abstract = "Objectives: For every 1000 babies born, eight will have a heart condition. Congenital Heart Disease (CHD) is a success story of modern medicine; 90{\%} of these babies will survive into adulthood compared with 20{\%} in the 1940s (Warnes et al, 2001). Lifelong monitoring is indicated for this growing adult population who live with an increased mortality and morbidity burden (Greutmann et al, 2015). Being born with a heart condition also presents increased vulnerability to psychological difficulties including anxiety, depression and PTSD, previously accounted for by secondary factors (e.g. interrupted education, feeling different, discrimination) (Kovacs & Utens, 2015; Czosek et al, 2012; Morton, 2012; Karsdrop et al, 2007). Methods: Porges' Poly Vagal Theory (PVT) offers a more holistic account of CHD (Morton, in Press; 2017). PVT provides an embodied understanding of our nervous system, senses, emotions, social self and behaviours. Porges proposes the nervous system employs a phylogenetic hierarchy of strategies to self regulate and respond to threat, adapting to our environment when we are safe (enabling the 'Social Engagement System') and unsafe (enabling 'fight-flight' or 'immobilisation' defence mechanisms), with homeostatic variability shaped during infancy. This theoretical paper proposes that since the heart is central to our nervous system cardiac anomalies may compromise the stress response, emotional regulation and the social self, further heightened by medical disruptions to the biologically embedded need for safe social connection. Results & Conclusions: This understanding has profound implications, across the lifespan, for this population explored here drawing on contemporary psychological models including Attachment Theory, Body Psychotherapy and Neuropsychological Theories of Compassion (Bowlby, 1977; Hoffman et al, 2011; Keltner, 2010; Gilbert, 2009; Rothschild, 2000). Strategies to optimise normal development of social and defensive behaviours (by facilitating autonomic attunement with the attachment figure), inform therapeutic interventions (focusing on safety and stabilisation) and better humanise medical care are considered.",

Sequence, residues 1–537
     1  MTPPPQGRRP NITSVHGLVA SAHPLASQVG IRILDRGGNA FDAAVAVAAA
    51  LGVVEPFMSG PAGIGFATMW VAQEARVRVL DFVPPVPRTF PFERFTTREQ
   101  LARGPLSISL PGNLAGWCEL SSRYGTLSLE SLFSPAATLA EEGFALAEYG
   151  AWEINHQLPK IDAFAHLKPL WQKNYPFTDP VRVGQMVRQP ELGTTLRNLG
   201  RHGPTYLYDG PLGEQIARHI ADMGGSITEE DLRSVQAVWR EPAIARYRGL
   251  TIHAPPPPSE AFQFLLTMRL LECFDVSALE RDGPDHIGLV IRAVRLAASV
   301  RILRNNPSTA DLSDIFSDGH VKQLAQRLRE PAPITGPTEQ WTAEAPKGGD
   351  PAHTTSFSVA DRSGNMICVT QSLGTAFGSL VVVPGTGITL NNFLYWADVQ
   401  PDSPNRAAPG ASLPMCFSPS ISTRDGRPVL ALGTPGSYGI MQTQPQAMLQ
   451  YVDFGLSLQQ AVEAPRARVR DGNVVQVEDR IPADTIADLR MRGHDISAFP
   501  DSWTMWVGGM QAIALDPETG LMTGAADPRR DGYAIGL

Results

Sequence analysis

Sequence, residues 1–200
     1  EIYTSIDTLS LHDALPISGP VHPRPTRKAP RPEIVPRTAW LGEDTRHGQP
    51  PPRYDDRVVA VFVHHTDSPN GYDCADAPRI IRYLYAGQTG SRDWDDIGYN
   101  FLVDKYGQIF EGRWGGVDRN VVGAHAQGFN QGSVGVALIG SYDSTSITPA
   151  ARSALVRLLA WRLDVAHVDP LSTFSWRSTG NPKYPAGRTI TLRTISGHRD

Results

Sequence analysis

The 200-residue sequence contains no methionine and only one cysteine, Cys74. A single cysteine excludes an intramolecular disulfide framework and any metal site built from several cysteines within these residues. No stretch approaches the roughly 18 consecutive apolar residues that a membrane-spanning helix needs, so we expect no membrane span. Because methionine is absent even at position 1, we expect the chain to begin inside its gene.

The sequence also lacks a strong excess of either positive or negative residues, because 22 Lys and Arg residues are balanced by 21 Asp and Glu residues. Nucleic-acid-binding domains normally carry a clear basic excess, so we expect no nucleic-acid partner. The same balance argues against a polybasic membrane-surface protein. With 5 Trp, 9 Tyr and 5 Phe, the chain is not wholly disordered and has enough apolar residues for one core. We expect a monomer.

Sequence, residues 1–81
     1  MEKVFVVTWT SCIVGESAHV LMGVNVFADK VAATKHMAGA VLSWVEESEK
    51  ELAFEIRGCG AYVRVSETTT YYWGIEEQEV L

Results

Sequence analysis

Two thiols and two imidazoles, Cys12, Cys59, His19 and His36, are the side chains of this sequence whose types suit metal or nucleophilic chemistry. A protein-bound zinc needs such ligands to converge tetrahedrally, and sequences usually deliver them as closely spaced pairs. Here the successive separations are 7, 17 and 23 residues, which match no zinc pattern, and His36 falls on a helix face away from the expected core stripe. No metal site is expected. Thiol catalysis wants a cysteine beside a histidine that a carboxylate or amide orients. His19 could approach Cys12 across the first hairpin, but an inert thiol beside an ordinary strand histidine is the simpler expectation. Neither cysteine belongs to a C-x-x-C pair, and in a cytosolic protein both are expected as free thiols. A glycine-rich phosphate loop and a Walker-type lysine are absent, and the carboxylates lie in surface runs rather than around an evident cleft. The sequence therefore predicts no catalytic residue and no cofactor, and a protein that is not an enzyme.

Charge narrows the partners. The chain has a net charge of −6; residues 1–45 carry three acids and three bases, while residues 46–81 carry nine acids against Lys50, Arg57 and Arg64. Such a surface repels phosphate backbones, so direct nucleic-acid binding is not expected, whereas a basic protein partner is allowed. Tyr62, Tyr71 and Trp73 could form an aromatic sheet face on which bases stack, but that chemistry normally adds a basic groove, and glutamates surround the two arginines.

keywords = "congenital heart disease, medical psychology, psychology, poly vagal theory, advocacy, emotions, anxiety, depression , trauma informed care",